Here’s the memo on Facebook – again

Employees aren’t the only ones who need a lesson on the boundaries of social media

By Todd Humber (todd.humber@thomsonreuters.com)

In 2009, a city in Montana drew a line in the sand employers knew, unequivocally, they should never cross. Apparently, not everyone got the memo.

To refresh your memory: Two years ago, the City of Bozeman made headlines when it asked candidates to hand over usernames and passwords to social media websites like Facebook as part of the screening process. Common sense prevailed, and the city wisely abandoned that practice.

A journalist uses the new Facebook Deals application on a mobile phone at its official launch in London. The Maryland Department of Public Safety and Correctional Services caused a stir when it recently asked an employee for his Facebook password before reinstating him from a leave. (Photo: Suzanne Plunkett/Reuters)

Last month, the Maryland Department of Public Safety and Correctional Services (DPSCS) decided to step into the limelight. It asked Robert Collins, a corrections officer returning from a leave of absence following his mother’s death, to hand over his Facebook username and password before reinstating him.

“My personal communications, my personal posts, my personal pictures, looking at my personally identifiable information, where my religious beliefs, my political beliefs, my sexuality — all of these things are possibly disclosed on this page,” Collins said in a video produced by the American Civil Liberties Union (See the video here).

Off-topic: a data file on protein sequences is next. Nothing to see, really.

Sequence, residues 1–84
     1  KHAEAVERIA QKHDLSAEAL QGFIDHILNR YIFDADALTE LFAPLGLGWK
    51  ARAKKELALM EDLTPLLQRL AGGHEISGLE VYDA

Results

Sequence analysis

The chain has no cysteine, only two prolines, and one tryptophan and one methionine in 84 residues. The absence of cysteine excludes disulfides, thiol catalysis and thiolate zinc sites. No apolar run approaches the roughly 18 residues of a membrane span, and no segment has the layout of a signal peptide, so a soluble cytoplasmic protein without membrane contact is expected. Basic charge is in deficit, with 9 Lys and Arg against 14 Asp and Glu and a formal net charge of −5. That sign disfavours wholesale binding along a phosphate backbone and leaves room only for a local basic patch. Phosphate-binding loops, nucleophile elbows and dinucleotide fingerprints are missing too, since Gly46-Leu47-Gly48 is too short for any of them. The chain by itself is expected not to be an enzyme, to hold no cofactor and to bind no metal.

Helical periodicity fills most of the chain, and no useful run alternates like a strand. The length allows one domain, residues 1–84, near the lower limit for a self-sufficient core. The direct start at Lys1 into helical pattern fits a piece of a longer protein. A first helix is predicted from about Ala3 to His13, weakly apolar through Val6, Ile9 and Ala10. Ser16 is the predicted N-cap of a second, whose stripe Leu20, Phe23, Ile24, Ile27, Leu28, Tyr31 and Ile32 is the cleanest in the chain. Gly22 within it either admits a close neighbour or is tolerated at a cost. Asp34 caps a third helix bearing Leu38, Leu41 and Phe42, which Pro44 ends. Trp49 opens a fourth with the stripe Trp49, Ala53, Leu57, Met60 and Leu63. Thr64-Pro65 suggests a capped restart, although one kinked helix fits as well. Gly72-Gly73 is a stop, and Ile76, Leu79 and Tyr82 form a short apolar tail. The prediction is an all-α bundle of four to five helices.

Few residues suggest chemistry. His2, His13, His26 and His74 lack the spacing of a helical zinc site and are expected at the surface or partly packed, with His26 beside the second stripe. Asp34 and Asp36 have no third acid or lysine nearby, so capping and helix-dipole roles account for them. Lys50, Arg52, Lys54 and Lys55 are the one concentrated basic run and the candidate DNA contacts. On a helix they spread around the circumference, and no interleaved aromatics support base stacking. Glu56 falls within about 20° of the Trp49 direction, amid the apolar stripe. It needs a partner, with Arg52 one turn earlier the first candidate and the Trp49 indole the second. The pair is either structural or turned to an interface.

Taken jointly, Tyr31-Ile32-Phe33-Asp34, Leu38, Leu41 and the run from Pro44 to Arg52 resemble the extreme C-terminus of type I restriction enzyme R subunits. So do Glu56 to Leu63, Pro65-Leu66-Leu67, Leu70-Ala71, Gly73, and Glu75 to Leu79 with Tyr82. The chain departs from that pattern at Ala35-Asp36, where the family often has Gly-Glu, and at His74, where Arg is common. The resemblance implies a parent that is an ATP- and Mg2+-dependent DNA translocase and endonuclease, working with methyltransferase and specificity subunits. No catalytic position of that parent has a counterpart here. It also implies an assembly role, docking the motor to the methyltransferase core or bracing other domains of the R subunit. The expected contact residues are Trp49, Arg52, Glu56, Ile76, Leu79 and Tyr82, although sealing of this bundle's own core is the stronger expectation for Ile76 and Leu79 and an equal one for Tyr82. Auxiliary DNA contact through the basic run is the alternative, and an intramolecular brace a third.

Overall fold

DPSCS pointed out that the request was voluntary, and had not been taken into account when evaluating job applicants. It made a decision to suspend the practice of asking for social media information for 45 days in light of the fact it’s a “newly emerging area in the law.”

It’s one thing to do a Google search on a candidate. It’s quite another to ask them, even voluntarily, to hand over personal IDs and passwords. And, frankly, it’s a road employers shouldn’t want to go down. If the person didn’t get the job, for whatever reason, the employer could be exposed to a human rights complaint. If the candidate’s private Facebook account revealed he was gay, the employer might have some explaining to do in front of a tribunal as to whether or not sexuality played a role in the hiring decision.

Employers have long lamented the fact many workers don’t know the boundaries of social media and what’s inappropriate in the workplace. Employers, apparently, still have a thing or two to learn as well.

Todd Humber is the managing editor of Canadian HR Reporter, the national journal of human resource management. For more information, visit www.hrreporter.com.

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